In the SF Chronicle today, I review Adrienne Sharp’s new ballet novel, “First Love”:

“Sharp, a former dance student of some seriousness, has depicted this world before, in her short-story collection “White Swan, Black Swan.” This time she goes right for 20th century ballet’s venerated giant, New York City Ballet founder George Balanchine. “First Love” is built on an audacious premise: What if Balanchine, who died in 1983, had found one last muse? Defenders of the Balanchine faith need not work themselves into a tizzy. “Mr. B,” as he was known, comes off like a saint. It’s the novel’s main character, the naive woman plucked by Balanchine to star in his long-dreamed-of staging of “Sleeping Beauty,” who steadily loses the reader’s respect.

Here’s the setup: It’s 1981, and Sandra Ellis is 20 years old and languishing in the back row of the corps de ballet. Her boyfriend, Adam, is a rising sex symbol dancing across Lincoln Center Plaza with American Ballet Theatre. They’ve just consummated their love when Sandra catches Balanchine’s eye, and the choreographer’s attentions come at a price: Adam’s jealousy . . .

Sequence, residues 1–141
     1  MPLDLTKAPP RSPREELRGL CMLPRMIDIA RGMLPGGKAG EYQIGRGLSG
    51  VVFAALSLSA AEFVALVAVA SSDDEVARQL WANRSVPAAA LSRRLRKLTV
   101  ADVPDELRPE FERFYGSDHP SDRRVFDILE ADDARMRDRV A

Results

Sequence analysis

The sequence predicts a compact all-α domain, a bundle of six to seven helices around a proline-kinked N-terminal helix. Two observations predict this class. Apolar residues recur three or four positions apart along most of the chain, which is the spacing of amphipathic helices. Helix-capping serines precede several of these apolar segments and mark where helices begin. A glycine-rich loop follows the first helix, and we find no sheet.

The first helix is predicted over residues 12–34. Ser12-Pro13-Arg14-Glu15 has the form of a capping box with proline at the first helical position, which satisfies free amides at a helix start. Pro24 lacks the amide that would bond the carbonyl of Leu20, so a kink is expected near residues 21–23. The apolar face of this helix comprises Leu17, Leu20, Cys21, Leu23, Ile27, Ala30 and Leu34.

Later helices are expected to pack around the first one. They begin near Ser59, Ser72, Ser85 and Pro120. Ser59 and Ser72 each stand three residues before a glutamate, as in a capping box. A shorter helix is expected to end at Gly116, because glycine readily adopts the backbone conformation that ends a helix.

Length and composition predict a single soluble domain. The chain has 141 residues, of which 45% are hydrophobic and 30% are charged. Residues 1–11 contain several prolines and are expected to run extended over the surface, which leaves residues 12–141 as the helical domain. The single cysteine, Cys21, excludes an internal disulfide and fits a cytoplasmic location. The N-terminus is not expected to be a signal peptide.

No one would accuse Sharp of sanitizing the glamour days of ballet-mania, and she paints the scene with tantalizing true-life detail. Rudolf Nureyev and Suzanne Farrell flit through as minor characters, along with a “Who’s Who” of other illustrious dancers. Balanchine is seen creating his masterpiece “Mozartiana” and rehearsing “Diamonds.” And there is tantalizing of a different variety: Adam and Sandra are young and horny, and Sharp renders their adventurous erotic encounters in breathlessly naughty prose that may make some readers turn a bit warm and others laugh out loud.

She uses her conceit well. The story enters Balanchine’s point of view (believably) just a few, judicious times. The plot zips along on Sharp’s lyrical writing style, and emotionality rises like steam off the page. The metaphorical possibilities of “Sleeping Beauty” are artfully explored, an emblem of awakening, hope and every fairy tale’s dark side. And yet even Aurora, asleep for 100 years, would seem to take more responsibility for her fate than our heroine, Sandra, does. ”

Click here for the full review.

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